usingtherightwords

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It Makes Sense Only in Context


It has been awhile since I’ve gone to a networking meeting, but last week, I returned. This time, I bring examples of words people said that made sense — if you were there.

I’m not in the closet because I’ve been in the business 50 years — Of course, plenty of people in the entertainment industry, including some who have been in the business 50 years are gay. Others are gay but don’t feel they can come out.

And then there is the person who said this: She really sells closets.

He helped defeat Prop 8 so we have gay marriage in California — This speaker told of a relative that was an outspoken opponent of Proposition 8, the 2008 initiative that banned any marriage in California that wasn’t between a man and woman. Unfortunately, the voters approved Prop 8; it wasn’t defeated.

Later, Ninth Circuit Court of Appeals ruled it unconstitutional because it violated the Equal Protection Clause (Fourteenth Amendment), so had the relative been an attorney who argued the case, the speaker would have been correct. But he wasn’t.

As we celebrate your nephew’s life and his passing — The networking group’s president expressed his sympathy for a member whose nephew died at a young age. But I don’t think anyone was celebrating his passing.

You want to live for free, you go to Oklahoma. That’s what Oklahoma’s for — Can you really live for free in Oklahoma? I doubt it. The speaker actually made a point that land in Oklahoma is far less expensive than in California.

Until next time! Use the right words!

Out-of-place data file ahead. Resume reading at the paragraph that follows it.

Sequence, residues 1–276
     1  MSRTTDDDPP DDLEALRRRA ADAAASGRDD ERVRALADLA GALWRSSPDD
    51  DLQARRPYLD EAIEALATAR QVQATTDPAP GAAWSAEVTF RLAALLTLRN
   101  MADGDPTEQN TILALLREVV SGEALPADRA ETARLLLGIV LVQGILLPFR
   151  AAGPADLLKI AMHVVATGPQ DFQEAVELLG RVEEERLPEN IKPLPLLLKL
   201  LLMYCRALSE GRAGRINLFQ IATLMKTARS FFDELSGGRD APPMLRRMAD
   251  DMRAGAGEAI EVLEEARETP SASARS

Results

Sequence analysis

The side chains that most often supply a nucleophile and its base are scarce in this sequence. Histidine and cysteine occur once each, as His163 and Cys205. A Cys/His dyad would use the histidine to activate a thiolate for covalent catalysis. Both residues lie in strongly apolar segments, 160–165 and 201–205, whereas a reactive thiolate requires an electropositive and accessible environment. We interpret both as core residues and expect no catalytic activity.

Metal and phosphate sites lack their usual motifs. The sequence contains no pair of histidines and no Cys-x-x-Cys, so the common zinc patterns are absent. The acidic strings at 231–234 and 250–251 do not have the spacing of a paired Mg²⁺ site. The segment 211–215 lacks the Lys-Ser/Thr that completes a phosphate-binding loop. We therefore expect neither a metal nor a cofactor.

leebarnathan.com

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January 23, 2018 Posted by | Uncategorized | , , , , , , , , , , , , | Leave a comment

Looking at “Native American” Differently


I was struck by something Donald Trump said on Monday. Because Sen. Elizabeth Warren (D-Mass.) appeared with Hillary Clinton, Trump attacked Warren and her listing herself as a Native American minority in Association of American Law Schools (AALS) directories from 1986-95.

“She used the fact that she was Native American to advance her career,” Trump said. “Elizabeth Warren is a total fraud.”

Now, I could write an entire blog based on everything Trump says and fact-check and correct his usage. In this case, Warren said she had self-identified as a minority in the directories to meet others with similar tribal roots. Her brothers defended her, stating that they “grew up listening to our mother and grandmother and other relatives talk about our family’s Cherokee and Delaware heritage.”

Whether you believe Warren or not, or whether you side with Trump or not, it makes no difference to me. The point I want to make is, if you break down the words, you’ll see that Warren, millions of others and I are, in fact, native Americans.

Native means “belonging to a particular place by birth.” Warren was born in Oklahoma City (notice Trump doesn’t question her birth as he did with President Obama in 2011). The Fourteenth Amendment to the Constitution begins, “All persons born or naturalized in the United States, and subject to the jurisdiction thereof, are citizens of the United States and of the State wherein they reside.” This makes Warren an American.

And a native American.

Until next time! Use the right words!

It’s here! My début book, “If You Experience Death, Please Call: And Other Fatal Mistakes We Make With Language” is available on Amazon for only $14.95.  Order here.

leebarnathan.com

June 30, 2016 Posted by | Uncategorized | , , , , , , , , , , , , , | 1 Comment

   

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